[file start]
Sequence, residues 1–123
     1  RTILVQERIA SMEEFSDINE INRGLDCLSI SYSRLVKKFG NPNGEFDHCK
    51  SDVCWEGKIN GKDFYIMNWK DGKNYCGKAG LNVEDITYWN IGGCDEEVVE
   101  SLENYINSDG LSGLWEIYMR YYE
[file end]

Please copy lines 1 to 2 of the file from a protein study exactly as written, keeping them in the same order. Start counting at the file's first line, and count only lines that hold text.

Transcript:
Sequence, residues 1–123
     1  RTILVQERIA SMEEFSDINE INRGLDCLSI SYSRLVKKFG NPNGEFDHCK